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The Arctic Ocean occupies a roughly circular basin and covers an area of about 14,056,000 km2 (5,427,000 sq mi), almost the size of Russia. The coastline is 45,390 km (28,200 mi) long. Much of the Arctic Ocean is covered by an ice “cap” which varies in extent and thickness seasonally. Many of our most beloved marine creatures thrive here, including whales, walrus, seals and countless birds. This marine wildlife, especially the endangered bowhead whale, is vital to the survival of the subsistence culture of the Inupiat people of Alaska’s North Slope.

According to the National Aeronautics and Space Administration, the annual Arctic sea ice minimum in September is now declining at a rate of more than 13 percent per decade. The Arctic ice pack is thinning as well, and research shows that the Arctic may become ice free in the not so distant future. The Arctic Ocean is the focus of a mounting dispute between the United States, Russia, Canada, Norway and Denmark. It is significant for the global energy market because it may hold 25% or more of the world’s undiscovered oil and gas resources.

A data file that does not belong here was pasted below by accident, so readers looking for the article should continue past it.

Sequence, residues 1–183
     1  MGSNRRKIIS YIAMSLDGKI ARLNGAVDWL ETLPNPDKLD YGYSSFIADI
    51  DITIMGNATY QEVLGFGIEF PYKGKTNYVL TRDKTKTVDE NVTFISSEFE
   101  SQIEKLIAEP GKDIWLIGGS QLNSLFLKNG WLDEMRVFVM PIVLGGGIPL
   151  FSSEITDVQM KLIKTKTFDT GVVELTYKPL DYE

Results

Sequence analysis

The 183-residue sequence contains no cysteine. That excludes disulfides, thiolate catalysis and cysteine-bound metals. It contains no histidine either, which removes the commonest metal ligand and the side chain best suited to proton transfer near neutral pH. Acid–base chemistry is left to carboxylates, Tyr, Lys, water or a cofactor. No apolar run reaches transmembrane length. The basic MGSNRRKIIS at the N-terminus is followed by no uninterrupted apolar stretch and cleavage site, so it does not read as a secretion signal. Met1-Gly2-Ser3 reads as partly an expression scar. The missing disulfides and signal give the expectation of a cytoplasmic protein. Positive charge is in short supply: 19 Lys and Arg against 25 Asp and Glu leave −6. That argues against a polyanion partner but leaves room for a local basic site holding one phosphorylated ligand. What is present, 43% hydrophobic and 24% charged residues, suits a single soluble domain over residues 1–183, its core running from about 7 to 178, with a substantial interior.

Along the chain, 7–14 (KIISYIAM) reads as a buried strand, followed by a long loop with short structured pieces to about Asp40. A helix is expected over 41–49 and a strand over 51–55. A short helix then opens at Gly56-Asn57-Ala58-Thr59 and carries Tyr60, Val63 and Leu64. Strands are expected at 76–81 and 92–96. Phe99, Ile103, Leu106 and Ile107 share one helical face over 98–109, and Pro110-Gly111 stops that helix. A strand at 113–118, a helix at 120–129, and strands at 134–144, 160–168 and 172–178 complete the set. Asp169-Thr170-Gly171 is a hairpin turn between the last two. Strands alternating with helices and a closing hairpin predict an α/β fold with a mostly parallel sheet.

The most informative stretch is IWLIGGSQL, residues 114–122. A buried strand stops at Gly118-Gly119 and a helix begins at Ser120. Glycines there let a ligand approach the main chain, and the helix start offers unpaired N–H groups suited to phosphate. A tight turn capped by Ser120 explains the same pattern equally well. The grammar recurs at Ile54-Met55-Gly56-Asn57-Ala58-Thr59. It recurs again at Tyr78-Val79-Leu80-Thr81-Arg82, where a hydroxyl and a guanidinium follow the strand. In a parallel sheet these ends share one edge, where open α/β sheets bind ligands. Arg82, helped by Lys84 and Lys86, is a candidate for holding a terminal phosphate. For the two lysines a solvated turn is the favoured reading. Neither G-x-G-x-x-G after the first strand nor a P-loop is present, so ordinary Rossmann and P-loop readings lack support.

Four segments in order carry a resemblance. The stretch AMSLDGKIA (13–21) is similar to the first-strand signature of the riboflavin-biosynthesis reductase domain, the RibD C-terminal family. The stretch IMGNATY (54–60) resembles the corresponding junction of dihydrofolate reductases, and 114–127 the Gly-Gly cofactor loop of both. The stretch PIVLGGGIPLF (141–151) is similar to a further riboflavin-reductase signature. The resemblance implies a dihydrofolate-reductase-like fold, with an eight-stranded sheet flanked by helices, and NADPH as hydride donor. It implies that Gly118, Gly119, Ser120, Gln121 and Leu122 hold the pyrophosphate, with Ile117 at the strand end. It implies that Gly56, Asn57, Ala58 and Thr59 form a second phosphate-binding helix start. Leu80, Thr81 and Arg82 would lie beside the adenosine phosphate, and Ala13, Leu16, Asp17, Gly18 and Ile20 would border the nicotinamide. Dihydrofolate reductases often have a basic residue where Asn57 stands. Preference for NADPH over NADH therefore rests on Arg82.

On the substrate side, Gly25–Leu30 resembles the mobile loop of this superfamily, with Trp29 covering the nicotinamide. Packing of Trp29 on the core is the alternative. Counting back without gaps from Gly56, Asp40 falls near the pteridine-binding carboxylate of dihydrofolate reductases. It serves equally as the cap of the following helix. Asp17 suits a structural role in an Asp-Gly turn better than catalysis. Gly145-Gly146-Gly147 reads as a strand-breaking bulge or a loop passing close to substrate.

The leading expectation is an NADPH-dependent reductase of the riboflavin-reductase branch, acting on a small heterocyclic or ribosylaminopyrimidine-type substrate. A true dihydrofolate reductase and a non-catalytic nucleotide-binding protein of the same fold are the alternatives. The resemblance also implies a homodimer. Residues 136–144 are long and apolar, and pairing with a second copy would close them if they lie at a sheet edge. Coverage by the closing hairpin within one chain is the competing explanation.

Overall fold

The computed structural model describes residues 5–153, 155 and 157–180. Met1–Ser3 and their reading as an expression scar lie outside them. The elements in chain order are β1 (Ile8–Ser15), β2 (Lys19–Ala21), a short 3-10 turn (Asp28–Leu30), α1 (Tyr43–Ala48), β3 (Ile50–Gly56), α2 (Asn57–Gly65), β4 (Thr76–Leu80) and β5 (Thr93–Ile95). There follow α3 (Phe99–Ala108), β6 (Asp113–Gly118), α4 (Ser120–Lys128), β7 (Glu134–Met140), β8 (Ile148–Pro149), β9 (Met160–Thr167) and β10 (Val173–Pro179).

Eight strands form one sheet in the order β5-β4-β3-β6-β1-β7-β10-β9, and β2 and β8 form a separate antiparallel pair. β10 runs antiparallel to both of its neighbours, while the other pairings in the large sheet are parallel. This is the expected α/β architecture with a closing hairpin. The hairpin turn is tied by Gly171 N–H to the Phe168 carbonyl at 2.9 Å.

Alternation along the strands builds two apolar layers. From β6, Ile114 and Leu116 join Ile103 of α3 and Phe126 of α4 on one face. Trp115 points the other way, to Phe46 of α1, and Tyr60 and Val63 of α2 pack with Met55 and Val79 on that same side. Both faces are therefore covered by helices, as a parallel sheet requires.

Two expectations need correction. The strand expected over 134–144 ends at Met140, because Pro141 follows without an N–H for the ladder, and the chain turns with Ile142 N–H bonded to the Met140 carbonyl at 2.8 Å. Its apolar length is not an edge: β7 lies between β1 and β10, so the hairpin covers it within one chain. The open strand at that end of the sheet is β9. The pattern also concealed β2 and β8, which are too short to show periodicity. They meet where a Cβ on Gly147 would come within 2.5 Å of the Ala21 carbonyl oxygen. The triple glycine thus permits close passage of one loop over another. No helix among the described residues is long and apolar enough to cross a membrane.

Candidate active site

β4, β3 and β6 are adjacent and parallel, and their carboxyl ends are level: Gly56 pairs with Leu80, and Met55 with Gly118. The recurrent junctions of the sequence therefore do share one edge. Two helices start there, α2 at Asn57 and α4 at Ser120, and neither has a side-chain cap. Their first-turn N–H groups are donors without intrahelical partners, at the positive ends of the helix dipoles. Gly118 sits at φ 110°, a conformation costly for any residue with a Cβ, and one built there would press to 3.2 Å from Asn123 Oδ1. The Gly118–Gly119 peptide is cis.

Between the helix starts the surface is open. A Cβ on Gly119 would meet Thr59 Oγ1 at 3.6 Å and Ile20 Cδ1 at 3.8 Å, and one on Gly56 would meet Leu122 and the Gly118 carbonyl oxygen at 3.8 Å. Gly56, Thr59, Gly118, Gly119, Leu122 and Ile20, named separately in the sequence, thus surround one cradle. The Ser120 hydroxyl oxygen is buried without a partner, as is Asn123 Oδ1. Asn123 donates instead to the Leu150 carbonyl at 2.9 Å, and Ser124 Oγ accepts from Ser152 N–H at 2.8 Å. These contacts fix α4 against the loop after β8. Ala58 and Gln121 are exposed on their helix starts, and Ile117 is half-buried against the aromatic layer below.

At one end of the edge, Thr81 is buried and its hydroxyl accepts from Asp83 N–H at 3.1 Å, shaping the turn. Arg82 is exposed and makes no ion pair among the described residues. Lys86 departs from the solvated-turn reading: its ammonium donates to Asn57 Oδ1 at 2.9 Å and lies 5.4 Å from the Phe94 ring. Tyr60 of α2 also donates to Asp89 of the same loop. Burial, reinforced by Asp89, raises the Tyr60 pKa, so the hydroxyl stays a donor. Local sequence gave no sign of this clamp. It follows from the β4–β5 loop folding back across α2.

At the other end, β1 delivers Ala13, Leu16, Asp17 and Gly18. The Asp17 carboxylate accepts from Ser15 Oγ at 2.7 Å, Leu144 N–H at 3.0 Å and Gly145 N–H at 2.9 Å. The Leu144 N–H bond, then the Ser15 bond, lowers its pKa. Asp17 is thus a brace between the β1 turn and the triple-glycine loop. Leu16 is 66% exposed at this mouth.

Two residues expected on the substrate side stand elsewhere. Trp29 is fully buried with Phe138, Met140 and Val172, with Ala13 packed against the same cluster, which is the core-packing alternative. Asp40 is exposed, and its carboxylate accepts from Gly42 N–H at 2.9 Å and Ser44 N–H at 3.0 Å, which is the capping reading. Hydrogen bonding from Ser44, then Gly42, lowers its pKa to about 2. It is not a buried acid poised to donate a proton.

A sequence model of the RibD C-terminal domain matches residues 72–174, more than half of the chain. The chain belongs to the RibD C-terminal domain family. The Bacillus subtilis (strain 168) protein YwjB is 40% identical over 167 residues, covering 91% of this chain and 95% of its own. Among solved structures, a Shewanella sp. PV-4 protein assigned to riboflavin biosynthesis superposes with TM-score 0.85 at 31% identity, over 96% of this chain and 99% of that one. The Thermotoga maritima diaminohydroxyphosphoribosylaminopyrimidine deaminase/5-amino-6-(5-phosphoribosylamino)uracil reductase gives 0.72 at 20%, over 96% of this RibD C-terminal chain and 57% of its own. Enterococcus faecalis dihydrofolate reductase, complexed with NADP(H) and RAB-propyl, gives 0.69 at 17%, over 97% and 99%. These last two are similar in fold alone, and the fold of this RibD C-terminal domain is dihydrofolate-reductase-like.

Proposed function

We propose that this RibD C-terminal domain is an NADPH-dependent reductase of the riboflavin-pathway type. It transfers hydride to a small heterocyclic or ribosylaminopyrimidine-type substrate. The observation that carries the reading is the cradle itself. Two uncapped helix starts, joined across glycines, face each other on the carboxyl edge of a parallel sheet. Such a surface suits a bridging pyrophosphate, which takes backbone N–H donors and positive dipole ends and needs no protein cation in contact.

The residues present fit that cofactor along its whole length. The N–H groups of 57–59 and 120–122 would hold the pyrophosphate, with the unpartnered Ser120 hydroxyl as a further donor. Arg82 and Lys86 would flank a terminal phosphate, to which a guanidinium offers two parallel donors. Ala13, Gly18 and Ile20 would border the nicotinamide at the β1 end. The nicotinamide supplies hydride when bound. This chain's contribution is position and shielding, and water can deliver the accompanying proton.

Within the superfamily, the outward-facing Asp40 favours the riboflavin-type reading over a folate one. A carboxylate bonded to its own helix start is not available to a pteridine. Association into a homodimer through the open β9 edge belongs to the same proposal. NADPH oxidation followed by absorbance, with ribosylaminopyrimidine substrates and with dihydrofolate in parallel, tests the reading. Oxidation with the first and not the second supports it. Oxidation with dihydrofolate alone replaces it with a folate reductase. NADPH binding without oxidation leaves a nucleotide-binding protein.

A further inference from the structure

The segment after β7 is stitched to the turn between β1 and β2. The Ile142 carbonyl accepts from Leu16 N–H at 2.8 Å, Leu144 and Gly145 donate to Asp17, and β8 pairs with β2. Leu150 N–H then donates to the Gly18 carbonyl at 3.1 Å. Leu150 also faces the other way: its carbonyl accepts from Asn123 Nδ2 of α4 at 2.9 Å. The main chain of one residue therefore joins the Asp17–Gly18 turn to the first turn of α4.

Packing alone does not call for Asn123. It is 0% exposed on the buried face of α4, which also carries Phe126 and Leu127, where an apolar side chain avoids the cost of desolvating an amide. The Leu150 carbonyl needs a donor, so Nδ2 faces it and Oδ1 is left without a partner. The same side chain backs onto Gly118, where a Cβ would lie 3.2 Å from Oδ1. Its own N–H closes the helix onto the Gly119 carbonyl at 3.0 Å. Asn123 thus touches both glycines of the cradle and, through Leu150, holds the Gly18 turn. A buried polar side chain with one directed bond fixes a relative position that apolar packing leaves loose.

In Alaska, the Beaufort and Chukchi Seas have provided traditional foods and sustained the cultural livelihood of the Inupiat people for thousands of years. With the threats of offshore oil and gas development, increased shipping traffic, coastal erosion from climate change, ocean acidification, changing weather patterns and melting sea ice, America’s Arctic Ocean is at risk.

The most visible change in the Arctic region in recent years has been the rapid decline of the perennial ice cover. The perennial ice is the portion of the sea ice floating on the surface of the ocean that survives the summer. This ice that spans multiple years represents the thickest component of the sea ice cover.
This visualization shows the perennial Arctic sea ice from 1979 to 2014. A graph overlay shows the area’s size measured in million square kilometers for each year. (Source: NASA Scientific Visualization Studio.)